It was under that santol tree that I would sometimes read my Reader’s Digest as a child. It was the first non-picture book that I learned to enjoy and I remember how I would give the driver a P50 bill to buy me the latest issue. He would come home with a copy still wrapped in plastic and, always, some change in bills and coins. The coins I would keep to buy my favorite Chippy and the bills I would give back to theyaya. who would use it to buy bread from the bakery for our merienda. To this day, I still read Reader’s Digest whenever I can. It connects me to my childhood and, strangely enough, to that santol tree.

It’s funny what you remember.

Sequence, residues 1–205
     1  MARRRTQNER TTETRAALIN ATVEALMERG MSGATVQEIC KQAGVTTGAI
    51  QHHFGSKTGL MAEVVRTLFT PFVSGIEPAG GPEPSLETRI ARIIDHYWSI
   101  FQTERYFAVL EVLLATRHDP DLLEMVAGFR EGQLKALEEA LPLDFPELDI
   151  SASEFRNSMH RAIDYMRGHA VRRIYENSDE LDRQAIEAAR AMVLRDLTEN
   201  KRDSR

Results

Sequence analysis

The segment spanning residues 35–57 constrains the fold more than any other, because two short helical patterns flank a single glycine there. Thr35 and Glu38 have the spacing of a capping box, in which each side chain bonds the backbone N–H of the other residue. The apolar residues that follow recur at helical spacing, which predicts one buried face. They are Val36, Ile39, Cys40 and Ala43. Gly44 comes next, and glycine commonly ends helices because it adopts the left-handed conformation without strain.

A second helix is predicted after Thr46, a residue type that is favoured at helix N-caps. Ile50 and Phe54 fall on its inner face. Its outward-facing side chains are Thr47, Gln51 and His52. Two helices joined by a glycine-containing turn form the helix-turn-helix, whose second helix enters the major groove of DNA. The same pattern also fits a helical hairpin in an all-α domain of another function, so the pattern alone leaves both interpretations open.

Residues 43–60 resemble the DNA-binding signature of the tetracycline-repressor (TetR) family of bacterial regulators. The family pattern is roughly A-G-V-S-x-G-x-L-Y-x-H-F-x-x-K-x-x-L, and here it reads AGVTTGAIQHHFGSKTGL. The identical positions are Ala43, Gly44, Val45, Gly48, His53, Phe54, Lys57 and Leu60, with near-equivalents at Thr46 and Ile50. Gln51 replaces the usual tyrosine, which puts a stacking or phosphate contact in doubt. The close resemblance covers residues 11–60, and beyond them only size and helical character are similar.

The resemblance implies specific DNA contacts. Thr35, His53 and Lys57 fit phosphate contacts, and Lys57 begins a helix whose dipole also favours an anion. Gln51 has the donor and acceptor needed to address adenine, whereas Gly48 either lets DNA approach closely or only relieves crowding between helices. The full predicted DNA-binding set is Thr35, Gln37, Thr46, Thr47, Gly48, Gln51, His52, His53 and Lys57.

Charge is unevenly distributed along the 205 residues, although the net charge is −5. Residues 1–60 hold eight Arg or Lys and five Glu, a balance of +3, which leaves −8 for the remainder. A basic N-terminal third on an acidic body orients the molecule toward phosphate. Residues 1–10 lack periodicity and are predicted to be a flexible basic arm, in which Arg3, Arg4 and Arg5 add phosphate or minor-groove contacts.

After the great flood of 1991 in Ormoc City, where Typhoon Uring claimed thousands of lives in a mid-morning fury, one of our vehicles was found on top of the santol tree when the water subsided. We also found a woman clinging to the branches of the tree, traumatized by the flood, and we took her in. She lived with us for many years. Her name was Ellen, or so she told us, and little by little her memory would come back. She was a teacher of sorts, I’m not very clear on that anymore, but she was young and nice and bright and pleasant to be with. One day she asked permission to leave and that was that, we just never heard from her again. I sometimes wonder where she is now, especially when I remember how she came to us via our santol tree. It saved her life during the flood. I hope she is happy wherever she is now.